“We have been saying for years, publicly and on council, and in meetings with our elected provincial and federal officials, that we need more help dealing with mental health and addiction issues. We do not receive this help and it puts a strain on our municipal system and our infrastructure, ”said Provenzano, which, he added, results in a significant increase in the costs of the police and the DSSAB to meet these needs. challenges.

Provenzano said he anticipates these challenges will continue to increase until Sault Ste. Marie gets the health care infrastructure and housing she needs to help vulnerable people in the community.

“Ontario is not supporting municipalities to the extent necessary. It’s that simple, ”said Provenzano.

He criticizes the province for offloading the costs of traditional services to the municipalities. “It is simply not true.”

Provenzano said that with five advisers serving on the DSSAB, it is difficult not to support the final budget submitted as everyone is aware of the community’s needs for these services and the ability of taxpayers to pay for these services.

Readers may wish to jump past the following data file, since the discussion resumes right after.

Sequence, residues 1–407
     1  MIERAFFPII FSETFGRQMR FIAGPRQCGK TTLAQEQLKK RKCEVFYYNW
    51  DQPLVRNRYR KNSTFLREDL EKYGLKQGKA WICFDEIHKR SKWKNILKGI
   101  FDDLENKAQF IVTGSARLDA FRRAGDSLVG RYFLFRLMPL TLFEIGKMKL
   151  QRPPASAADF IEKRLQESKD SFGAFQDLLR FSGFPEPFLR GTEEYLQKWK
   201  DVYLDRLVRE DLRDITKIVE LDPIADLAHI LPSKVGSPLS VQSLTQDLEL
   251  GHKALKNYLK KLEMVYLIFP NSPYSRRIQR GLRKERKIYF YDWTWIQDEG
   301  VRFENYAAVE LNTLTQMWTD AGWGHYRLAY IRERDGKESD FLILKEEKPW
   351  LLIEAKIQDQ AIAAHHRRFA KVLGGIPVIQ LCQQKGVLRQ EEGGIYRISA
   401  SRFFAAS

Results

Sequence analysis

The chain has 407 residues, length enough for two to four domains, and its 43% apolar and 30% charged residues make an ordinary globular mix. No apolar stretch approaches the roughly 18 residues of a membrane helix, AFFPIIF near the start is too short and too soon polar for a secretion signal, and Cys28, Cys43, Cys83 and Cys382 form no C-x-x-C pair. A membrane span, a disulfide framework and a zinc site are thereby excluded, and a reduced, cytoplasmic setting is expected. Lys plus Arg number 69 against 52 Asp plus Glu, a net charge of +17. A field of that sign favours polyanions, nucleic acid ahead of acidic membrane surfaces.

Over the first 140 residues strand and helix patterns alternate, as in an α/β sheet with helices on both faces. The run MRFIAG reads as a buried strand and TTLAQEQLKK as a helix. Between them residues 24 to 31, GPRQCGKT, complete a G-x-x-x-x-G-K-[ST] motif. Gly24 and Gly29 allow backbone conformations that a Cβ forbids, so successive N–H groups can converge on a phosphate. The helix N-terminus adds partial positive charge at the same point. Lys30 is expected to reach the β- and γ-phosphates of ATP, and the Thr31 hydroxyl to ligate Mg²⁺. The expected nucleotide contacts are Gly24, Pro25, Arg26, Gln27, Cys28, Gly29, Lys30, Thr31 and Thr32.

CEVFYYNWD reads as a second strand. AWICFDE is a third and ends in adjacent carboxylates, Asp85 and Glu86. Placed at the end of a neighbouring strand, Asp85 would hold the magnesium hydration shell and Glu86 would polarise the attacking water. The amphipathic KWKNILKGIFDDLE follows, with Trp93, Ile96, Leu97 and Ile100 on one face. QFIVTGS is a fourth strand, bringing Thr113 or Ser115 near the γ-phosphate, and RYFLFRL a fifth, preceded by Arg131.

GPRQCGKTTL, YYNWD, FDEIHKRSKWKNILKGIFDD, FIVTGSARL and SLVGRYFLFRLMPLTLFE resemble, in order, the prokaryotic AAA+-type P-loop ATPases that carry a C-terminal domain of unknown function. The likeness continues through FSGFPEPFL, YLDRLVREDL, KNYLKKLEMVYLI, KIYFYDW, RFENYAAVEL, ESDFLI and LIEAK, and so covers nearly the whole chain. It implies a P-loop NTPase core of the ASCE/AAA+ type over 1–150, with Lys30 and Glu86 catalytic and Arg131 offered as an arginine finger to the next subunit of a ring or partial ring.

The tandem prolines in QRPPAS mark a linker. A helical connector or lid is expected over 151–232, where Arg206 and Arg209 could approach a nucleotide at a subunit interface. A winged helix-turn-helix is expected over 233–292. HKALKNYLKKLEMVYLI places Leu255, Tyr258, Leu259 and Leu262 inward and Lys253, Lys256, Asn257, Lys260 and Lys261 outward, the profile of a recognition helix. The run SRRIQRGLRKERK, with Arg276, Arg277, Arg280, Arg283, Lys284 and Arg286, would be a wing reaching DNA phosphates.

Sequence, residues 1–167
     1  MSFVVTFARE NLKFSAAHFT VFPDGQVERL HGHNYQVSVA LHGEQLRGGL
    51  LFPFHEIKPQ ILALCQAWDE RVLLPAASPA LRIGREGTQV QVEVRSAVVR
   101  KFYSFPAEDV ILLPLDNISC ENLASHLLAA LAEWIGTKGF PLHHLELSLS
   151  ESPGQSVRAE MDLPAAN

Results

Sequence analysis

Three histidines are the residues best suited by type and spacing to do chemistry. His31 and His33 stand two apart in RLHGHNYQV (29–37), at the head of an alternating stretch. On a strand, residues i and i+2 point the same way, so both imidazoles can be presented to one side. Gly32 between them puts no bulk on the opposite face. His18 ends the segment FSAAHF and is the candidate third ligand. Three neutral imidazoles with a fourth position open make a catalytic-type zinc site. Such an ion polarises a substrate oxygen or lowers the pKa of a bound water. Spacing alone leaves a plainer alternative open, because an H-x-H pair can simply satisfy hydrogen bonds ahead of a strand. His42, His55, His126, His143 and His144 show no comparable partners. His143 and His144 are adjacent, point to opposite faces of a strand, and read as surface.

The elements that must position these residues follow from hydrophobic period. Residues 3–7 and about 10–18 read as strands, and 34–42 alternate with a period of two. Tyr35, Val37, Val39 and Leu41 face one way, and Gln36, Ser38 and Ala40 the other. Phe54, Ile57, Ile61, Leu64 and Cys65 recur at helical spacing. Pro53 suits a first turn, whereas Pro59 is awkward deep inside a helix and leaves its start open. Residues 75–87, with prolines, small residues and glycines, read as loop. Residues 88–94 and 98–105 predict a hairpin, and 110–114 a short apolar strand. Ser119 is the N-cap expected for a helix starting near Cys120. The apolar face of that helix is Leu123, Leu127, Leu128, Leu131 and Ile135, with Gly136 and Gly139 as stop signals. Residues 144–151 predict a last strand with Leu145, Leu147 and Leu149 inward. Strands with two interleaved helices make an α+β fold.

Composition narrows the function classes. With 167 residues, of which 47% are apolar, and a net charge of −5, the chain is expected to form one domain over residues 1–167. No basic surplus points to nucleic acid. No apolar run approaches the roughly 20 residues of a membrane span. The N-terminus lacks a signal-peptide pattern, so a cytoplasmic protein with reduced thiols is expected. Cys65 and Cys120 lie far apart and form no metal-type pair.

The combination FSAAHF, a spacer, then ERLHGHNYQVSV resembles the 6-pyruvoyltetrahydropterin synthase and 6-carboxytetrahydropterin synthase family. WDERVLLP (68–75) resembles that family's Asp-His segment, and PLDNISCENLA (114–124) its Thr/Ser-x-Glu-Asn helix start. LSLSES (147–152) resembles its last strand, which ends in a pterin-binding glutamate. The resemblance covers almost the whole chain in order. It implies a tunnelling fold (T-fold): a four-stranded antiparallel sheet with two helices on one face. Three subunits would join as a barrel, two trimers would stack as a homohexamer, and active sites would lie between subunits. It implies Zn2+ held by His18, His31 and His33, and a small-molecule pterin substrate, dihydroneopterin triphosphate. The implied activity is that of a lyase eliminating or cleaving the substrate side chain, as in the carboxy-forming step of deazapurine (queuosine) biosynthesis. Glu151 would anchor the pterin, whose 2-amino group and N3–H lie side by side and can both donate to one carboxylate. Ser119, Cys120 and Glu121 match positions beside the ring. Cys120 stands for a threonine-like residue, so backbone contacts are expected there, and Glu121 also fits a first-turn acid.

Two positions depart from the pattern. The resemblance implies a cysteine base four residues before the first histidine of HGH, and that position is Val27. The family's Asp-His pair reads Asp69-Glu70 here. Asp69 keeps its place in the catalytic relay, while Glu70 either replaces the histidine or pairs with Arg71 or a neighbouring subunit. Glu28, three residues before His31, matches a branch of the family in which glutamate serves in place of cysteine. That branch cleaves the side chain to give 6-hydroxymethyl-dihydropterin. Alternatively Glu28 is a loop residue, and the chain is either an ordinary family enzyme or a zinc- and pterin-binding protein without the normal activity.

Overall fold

City council has also received an additional $ 2.6 million in gasoline tax, the majority of which has yet to be allocated. Staff recommend that the money be used for some one-time expense projects.

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Councilors said they would like to see the money used for a playground in the west, the revitalization of the Mike Zuke rink, a downtown streetcar and road repairs.

Provenzano has said he too would like that money to be invested in more road repairs, but also believes a wading pool in the west would be money well spent for families there.

“I walk past Bellevue Park and the paddling pool every day coming home from work and there are always kids, families using this space and I always think it was money well spent,” he said. he declares.